Getting it or acting it?

There are some things I want my kids to learn. Typical stuff. Like not eating with their mouths open, picking up after themselves, that name-calling isn’t a form of “good fun” or excused if the other started it first. You know, simple things boys need help with.

Here’s a dilemma. My kids probably don’t really understand why these things are good to do. Do I really care? Sort of. I patiently tell (lecture, really) them why such and such behavior is a good idea and other behaviors are not. But, in the short run, I’d prefer them to just eat with their mouth closed and say only nice things–whether they get it or not.

I think we can relate this to our own lives. Sometimes we just don’t get WHY we need to do something (like put up with an annoying co-worker) but go about doing what is right. Insight may come later or it may not, but we can take comfort it knowing we honored God with our actions.

Here’s where it gets tougher. What if our loved one acted in a loving way to us but we knew they didn’t really get why it was important, just that we wanted them to do a particular thing (e.g., pick up clothes off the floor, wait to bring complaints up at an agreed upon time, etc.)? Would you care if they acted right but didn’t get they reasons why?


Filed under christian counseling, christian psychology, Relationships

3 responses to “Getting it or acting it?

  1. Good question. I think the issue might be how long would this last? Would they eventually learn what it meant to “act right”? Or would they forever just act and never understand the meaning?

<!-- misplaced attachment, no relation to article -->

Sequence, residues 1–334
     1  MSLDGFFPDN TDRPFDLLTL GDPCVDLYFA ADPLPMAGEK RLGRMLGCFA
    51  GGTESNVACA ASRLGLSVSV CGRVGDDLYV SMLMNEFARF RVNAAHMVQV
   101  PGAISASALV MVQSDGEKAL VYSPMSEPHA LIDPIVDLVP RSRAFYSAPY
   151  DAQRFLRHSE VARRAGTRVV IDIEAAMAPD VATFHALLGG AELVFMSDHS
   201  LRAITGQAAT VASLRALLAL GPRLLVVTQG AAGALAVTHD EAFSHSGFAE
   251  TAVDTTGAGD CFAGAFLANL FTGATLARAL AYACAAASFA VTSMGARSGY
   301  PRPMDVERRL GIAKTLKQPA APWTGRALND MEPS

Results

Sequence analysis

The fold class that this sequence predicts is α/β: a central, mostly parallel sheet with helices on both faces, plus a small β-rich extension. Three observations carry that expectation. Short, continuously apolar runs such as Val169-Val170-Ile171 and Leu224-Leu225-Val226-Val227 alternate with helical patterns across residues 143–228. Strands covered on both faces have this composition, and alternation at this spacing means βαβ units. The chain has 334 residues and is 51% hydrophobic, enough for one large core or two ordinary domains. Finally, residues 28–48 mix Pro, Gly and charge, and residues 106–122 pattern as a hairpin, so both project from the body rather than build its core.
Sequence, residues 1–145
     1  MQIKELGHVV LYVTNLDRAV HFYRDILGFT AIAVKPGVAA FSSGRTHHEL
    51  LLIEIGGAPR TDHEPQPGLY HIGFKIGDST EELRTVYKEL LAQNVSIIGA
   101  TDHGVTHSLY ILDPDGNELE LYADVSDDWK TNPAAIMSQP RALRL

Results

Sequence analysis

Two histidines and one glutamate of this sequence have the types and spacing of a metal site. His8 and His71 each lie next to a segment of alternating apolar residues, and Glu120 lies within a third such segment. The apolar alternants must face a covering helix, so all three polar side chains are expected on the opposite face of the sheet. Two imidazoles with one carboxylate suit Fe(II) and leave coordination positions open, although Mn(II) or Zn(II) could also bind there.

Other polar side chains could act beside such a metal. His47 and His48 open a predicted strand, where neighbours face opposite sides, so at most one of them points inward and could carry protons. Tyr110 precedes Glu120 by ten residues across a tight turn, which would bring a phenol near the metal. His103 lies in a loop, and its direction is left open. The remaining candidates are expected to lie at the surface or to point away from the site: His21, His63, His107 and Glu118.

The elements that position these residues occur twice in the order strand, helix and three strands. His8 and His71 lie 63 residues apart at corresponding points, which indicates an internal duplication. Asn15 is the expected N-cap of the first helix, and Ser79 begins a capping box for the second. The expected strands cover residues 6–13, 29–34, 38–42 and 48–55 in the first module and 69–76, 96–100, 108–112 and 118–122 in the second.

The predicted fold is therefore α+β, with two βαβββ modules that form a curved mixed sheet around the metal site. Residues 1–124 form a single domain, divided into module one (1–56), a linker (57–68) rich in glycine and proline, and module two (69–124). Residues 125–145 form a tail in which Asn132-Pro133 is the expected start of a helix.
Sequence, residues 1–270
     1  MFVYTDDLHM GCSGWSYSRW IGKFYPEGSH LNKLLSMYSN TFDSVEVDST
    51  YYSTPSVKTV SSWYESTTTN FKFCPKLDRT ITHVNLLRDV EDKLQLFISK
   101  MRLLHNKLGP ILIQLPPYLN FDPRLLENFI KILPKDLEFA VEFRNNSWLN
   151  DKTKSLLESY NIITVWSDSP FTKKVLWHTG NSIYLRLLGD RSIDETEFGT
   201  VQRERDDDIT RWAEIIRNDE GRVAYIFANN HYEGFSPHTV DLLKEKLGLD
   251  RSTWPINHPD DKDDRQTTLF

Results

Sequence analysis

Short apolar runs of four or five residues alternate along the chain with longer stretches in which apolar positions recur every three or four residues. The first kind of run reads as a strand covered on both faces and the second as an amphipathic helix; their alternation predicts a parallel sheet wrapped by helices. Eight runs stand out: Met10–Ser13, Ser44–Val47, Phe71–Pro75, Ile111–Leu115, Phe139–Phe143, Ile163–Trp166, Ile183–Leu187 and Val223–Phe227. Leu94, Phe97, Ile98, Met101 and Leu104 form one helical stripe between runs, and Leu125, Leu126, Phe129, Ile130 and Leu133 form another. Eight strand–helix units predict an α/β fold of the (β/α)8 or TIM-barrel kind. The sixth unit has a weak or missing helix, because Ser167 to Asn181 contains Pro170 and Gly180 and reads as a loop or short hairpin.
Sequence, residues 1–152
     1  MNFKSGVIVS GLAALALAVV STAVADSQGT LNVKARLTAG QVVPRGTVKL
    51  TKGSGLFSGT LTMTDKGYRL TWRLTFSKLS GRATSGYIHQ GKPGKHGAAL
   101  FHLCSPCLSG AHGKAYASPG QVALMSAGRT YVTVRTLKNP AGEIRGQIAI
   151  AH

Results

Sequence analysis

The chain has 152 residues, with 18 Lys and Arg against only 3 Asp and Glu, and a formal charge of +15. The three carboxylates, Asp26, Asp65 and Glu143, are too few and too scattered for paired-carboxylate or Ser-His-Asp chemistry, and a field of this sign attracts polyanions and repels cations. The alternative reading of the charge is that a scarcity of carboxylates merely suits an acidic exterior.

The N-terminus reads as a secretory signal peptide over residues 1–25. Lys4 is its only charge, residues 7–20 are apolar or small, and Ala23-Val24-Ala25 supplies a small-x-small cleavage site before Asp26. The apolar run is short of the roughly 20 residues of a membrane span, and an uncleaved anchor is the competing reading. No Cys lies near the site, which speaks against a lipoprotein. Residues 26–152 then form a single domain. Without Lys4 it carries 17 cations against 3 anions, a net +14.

If they would never learn, I think there is probably little value in having them act it out. Isn’t that the definition of hypocrisy? However if they eventually learned what it meant to love, to serve, etc… then just going through the motions would be fine.

  2. D. Stevenson

    It is like extrinsic and intrinsic motivation.

    Extrinsic motivation – child works for “A” for the reward. No reward, no work.

    Intrinsic motivation – child loves to learn, the grade is meaningless (except as a requirement of the external world)

    No answer though. Just the same question.

  3. karenestelle

    Do any of us really have completely pure motives? We might act out of a heart of love, but it’s often mixed with a fear of disappointing someone, the logic of knowing how annoyed the other person will be if we don’t follow through, the need for approval… I have a constant lecture series with my children 🙂 about their need to help each other out because we’re a family and we love each other… but truthfully, in the end they behave because the pain of not behaving is not worth it. They’d rather be nice to their sister than have no tv for a week! I even tried positive reinforcement – they received colored bracelets based on how well they portrayed the different fruit of the spirit that week – and it often turned into an ugly competition instead of regognizing God’s love in their lives. I pray they will eventually understand and occasionally I see glimpses already (or maybe I just convince myself I see it!)

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